Certainly contact with an extra-terrestrial species, or a galactic club of life forms, would indelibly leave its mark on our collective ‘state of being’ yielding a plethora of spiritual, physical, psychological disconnects. It would definitely ‘blow our minds’. Still, we all have expectations of what a ‘Close Encounter of the 3rd Kind’ may present. Conjecture runs rampant. Some have grand visions, others have delusions of grandeur … others still are worried about an anal probe. Regardless, should such an event occur, I think we need to rethink our thinking.
Relatedly, a theme in some of my posts concerns defying the expectations of others and, of course ourselves. I think there’s a connection here to be made in the sense that we need to be more open minded when considering possible contact with ‘visitors’. They may not necessarily come in peace or in war … they may simply come for the food. Moreover, not everything in life revolves around anal probes or inter-species breeding. ‘E.T.’ may simply want try a chicken and ribs combo.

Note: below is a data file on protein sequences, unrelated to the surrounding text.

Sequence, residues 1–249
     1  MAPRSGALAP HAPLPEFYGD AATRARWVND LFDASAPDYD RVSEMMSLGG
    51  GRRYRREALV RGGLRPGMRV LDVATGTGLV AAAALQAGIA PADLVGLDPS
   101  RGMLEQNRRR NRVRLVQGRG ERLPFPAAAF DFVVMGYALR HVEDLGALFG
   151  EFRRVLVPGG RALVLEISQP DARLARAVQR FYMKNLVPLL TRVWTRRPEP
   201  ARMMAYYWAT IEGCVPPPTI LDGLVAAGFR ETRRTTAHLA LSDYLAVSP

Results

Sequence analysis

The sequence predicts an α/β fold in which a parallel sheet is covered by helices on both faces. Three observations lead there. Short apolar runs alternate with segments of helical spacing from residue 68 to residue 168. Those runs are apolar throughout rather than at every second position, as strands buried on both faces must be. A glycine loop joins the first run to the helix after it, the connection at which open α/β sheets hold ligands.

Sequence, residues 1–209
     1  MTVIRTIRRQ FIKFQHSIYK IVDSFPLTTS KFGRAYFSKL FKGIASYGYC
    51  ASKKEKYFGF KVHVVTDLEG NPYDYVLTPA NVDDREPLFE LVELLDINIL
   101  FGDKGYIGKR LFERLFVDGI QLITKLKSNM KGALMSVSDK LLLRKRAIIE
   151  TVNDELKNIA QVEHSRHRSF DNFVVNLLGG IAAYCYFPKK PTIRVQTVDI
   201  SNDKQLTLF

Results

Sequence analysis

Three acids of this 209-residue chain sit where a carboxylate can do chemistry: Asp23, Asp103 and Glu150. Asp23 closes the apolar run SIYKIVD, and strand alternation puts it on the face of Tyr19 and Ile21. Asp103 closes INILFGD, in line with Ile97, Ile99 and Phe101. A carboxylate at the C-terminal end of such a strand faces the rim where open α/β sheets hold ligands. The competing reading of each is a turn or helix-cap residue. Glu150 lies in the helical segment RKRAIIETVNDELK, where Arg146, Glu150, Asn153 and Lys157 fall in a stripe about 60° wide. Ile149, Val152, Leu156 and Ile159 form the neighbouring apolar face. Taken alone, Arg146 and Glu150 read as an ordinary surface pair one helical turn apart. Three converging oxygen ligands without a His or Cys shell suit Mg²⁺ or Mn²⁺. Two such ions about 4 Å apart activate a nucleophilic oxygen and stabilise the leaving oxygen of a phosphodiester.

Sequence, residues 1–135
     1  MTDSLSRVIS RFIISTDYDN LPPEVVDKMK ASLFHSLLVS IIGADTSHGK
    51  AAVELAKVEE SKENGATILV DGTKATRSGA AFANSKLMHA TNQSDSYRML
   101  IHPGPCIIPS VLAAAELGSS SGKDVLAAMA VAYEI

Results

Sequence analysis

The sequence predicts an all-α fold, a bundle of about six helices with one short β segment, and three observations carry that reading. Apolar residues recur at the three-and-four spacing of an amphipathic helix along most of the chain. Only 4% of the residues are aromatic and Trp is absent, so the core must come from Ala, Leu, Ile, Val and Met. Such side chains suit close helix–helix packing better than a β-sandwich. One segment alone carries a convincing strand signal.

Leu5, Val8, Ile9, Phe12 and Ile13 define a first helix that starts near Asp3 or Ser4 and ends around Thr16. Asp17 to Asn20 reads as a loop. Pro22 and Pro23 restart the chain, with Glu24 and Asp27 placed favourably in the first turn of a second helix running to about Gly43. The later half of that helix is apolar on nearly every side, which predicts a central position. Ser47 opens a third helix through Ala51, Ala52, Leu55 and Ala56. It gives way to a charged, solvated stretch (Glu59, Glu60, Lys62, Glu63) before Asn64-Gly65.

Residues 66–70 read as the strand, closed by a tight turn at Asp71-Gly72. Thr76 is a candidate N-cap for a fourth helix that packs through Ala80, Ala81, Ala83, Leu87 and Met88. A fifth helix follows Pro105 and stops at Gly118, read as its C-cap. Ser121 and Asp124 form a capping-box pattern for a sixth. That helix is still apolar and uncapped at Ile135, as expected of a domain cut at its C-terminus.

We are basically social creatures, and curious ones at that. We dream about voyages to “seek out new life and new civilizations”. We also have a daredevil penchant “to go where no man has gone before”. Still, it is often said that ‘curiosity killed the cat’. In this vein, since we really don’t know the nature of any other galactic beast, other than ourselves, I’d suggest it’s one thing to contemplate contact with alien life who happen about our planet, but it’s another to consider beginning a marketing campaign.